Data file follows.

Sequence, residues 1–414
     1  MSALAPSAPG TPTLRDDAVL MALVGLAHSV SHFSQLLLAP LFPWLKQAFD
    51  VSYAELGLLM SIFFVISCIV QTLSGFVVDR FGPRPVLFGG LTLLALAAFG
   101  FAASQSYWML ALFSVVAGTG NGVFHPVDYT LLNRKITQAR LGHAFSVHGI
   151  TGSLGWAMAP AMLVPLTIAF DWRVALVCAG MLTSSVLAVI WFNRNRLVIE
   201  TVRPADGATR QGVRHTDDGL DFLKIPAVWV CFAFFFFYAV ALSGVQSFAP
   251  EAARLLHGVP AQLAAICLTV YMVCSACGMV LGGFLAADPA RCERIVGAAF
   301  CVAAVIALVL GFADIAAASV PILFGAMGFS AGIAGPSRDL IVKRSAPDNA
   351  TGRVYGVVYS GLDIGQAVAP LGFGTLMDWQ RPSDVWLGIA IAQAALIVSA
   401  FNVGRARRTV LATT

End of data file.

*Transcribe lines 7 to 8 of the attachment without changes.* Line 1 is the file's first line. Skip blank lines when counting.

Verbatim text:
   251  EAARLLHGVP AQLAAICLTV YMVCSACGMV LGGFLAADPA RCERIVGAAF
   301  CVAAVIALVL GFADIAAASV PILFGAMGFS AGIAGPSRDL IVKRSAPDNA